These results are similar to those of a recent systematic review [27] analysing only fully guided in vivo surgeries: 1.04 mm (range 0.85–1.24) for coronal deviation, 1.45 mm (range 1.18–1.73) for apical deviation, and 4.06° (range 3.50–4.62) for angular deviation. The cited review did not consider in vitro or ex vivo studies because the relevant factors would differ from those of clinical studies [28, 29]. Here, we evaluated several variables in terms of the accuracy of implant placement. The accuracy of upper jaw surgery was better than that of lower jaw surgery in terms of deviations in three parameters, explained by the lower bone density and the larger supporting surface of the maxilla. Similar results were found in two earlier studies [25, 30], but a systematic review [31] found no differences and two other studies [32, 33] found that lower jaw accuracy was better. Implant placement in partially edentulous patients was found somewhat more accurate than in fully edentulous patients in terms of all deviation parameters, but statistical significance was not attained. This may be explained by the stability of supporting tissues: teeth in the first group but only mucosa in the second one. Similar results have been reported in the literature [34, 35]. In addition, a recent systematic review [36] found that tooth-supported guides were better than bone- and mucosa-supported guides, although statistical significance was not apparent. Another difference between our partially and fully edentulous patients was the data acquisition mode (SmartFusion for the former but the less accurate double-scan mode for the latter) [37]. We also found that implants shorter than 11 mm were associated with smaller deviations than longer implants in terms of all parameters except depth; similar results have been reported in the literature [14, 37, 38].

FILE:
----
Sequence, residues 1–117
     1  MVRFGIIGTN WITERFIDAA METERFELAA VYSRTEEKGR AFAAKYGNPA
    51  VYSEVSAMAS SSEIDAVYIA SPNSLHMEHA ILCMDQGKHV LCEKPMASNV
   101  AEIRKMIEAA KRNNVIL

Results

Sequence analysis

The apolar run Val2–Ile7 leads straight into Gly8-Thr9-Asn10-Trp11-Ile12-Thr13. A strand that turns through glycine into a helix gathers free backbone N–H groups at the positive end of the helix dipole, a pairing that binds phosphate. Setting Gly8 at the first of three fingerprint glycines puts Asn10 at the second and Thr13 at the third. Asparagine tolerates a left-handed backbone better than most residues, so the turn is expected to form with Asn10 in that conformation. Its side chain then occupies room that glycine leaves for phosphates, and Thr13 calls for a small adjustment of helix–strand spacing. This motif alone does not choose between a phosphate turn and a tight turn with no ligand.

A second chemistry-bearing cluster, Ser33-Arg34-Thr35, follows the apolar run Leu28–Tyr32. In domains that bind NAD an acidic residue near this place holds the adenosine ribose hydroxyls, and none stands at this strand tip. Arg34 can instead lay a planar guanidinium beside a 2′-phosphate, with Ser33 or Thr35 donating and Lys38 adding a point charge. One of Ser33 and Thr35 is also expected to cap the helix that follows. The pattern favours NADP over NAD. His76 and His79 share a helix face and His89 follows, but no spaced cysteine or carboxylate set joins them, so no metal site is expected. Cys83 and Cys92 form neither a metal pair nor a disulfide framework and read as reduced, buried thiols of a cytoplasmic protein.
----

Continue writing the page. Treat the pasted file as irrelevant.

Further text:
It has been reported [39] that guided implant surgery greatly improved implant placement accuracy compared with traditional implant surgery; guided surgery competently deals with a complex anatomy, is minimally invasive, aesthetically sensitive, and affords immediate loading. Despite the excellent accuracy, fully guided surgery cannot be applied in all clinical situations. Counter indications are the high cost, an insufficient interocclusal distance, insufficient space between the remaining teeth to allow placement of a fully guided surgical sleeve, the impossibility of correcting the bone crest or regeneration of intrabony defects when a flapless procedure is performed, the need for soft tissue management in the aesthetic zone, and a deficiency of keratinised tissue.